Our control system uses a PIC18F2455 microcontroller to control two stepper motors and a pair of solenoids. For each motor, four digital output pins on the PIC are used to control each motor (two per stepper motor coil) - four PORTA pins are used to control the left motor, while four PORTB pins are used for the right motor. A forward rotation through the step pattern causes the motors to turn clockwise, while a backwards rotation causes the motors to turn counter-clockwise. Each stepper motor’s two coils must be able to be driven in both directions, so we use a pair of H-bridges using N-channel MOSFETs to control each motor.
Schematic of the H-bridge circuit for one coil of one motor, with MAX232 serial transceiver on high-side MOSFETs. Inverters are necessary because the MAX232 internally inverts the signal when it performs a TTL to RS-232 conversion.
The stepper motors we use run on 3.3 V. The IRF1104 MOSFETs we chose have a threshold voltage of 2–4 V; this plus 3.3 V is above the logic-level 5 V that comes directly from the PIC’s outputs, so we needed to boost the voltage to control the two high side MOSFETs. To accomplish that, we used the TTL to RS-232 voltage conversion functionality of the popular MAX232 serial transceiver chip. This is an unorthodox solution compared to using an external dedicated H-bridge driver, but it works quite well and is a good, simple design. The motors are controlled completely separately so that they can run at different speeds and in different directions than each other.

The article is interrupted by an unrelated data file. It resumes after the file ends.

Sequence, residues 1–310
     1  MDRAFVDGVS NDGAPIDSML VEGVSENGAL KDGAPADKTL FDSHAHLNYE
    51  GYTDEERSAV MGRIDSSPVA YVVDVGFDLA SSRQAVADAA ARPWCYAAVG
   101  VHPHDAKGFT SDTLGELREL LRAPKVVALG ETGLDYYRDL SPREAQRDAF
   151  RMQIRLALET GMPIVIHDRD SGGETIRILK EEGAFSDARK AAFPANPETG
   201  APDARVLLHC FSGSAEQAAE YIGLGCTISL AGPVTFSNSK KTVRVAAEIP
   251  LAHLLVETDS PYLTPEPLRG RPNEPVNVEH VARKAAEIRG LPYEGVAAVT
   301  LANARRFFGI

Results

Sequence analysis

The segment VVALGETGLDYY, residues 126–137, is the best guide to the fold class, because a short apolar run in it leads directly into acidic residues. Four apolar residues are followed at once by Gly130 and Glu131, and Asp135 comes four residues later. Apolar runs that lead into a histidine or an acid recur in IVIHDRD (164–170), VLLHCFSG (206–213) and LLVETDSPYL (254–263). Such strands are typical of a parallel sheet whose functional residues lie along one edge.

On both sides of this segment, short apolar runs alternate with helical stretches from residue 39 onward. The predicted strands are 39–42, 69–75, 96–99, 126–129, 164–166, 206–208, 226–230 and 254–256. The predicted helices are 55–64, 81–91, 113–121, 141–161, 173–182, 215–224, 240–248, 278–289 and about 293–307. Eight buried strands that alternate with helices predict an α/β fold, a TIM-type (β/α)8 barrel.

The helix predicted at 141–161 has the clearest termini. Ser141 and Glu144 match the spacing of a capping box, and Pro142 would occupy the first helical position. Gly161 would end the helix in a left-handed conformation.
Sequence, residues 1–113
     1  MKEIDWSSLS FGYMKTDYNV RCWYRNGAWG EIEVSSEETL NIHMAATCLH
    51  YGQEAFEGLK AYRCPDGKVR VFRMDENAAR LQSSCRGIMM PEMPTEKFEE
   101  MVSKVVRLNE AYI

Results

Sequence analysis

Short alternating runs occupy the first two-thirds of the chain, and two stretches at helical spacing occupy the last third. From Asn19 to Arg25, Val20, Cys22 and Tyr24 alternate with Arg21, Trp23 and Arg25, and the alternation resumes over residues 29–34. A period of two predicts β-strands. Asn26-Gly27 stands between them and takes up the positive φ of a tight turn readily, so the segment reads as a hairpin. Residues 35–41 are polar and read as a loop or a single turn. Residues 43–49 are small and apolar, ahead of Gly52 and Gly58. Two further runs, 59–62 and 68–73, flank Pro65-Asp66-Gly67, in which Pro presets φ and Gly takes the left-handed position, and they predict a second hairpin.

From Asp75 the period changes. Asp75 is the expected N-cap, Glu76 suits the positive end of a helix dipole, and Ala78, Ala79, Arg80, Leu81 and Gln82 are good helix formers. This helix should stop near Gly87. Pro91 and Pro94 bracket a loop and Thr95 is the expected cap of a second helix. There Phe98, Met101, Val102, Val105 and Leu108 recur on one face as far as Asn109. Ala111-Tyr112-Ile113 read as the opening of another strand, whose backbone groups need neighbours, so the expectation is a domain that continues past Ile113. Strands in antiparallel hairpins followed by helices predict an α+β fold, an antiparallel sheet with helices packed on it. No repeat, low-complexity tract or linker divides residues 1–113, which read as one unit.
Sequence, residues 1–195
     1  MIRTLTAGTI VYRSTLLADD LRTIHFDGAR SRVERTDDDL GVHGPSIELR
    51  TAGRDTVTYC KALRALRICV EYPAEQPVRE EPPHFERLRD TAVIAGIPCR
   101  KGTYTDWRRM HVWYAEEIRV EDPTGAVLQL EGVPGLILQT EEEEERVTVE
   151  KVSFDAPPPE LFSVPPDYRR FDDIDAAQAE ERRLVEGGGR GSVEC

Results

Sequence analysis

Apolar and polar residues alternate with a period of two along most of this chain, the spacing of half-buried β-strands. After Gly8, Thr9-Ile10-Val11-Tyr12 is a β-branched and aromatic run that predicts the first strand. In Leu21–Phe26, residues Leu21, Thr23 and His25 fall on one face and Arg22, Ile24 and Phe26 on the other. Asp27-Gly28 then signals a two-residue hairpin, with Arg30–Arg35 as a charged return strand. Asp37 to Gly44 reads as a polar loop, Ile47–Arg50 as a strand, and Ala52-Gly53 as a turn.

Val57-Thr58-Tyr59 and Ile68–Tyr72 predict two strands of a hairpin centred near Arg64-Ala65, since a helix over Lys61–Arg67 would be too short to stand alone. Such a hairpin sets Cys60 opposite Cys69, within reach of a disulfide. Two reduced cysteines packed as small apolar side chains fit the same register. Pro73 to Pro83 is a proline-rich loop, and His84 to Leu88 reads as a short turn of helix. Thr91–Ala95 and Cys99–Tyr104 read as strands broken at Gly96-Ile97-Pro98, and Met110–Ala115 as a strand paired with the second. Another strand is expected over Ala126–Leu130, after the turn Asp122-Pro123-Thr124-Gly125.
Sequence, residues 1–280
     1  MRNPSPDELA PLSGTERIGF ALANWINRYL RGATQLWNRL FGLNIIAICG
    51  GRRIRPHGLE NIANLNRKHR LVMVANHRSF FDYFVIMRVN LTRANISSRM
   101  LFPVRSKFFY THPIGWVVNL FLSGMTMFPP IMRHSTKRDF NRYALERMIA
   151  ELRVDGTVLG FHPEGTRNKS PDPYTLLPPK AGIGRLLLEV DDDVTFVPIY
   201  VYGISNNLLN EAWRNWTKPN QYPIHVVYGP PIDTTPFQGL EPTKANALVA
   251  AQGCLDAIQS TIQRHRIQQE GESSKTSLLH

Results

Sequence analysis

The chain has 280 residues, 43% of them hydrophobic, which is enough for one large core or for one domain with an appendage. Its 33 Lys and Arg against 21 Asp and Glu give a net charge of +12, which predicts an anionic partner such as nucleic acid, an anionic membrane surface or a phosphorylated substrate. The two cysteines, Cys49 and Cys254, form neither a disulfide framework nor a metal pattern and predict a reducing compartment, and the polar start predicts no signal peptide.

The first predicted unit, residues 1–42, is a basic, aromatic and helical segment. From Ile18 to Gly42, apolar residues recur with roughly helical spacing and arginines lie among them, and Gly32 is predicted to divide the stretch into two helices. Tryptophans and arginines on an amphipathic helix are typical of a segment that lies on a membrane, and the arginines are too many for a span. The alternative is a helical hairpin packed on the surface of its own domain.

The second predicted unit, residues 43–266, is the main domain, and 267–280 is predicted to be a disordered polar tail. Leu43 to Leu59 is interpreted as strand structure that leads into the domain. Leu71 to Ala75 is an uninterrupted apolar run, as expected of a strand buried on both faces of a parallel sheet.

The PIC also controls the spray paint actuator through two relays, one for each solenoid. Two limit switches, one for each motor, is used to calibrate the system prior to drawing. This ensures that the computer knows the exact positions of the belts as well as acts as an emergency shut-off if the belt is about to run off the pulley.
The circuit is powered through a combination of USB and an old PC power supply. The PIC runs on 5 V, supplied over the through USB bus. Meanwhile, the motors run on the power supply’s 3.3 V bus, and the solenoids use its 12 V bus. We mounted the circuit on a breadboard with long cables linking to the motors, limit switches, and solenoids. We may eventually explore custom PCB fabrication, but at this point we appreciate the flexibility that solderless breadboard gives us.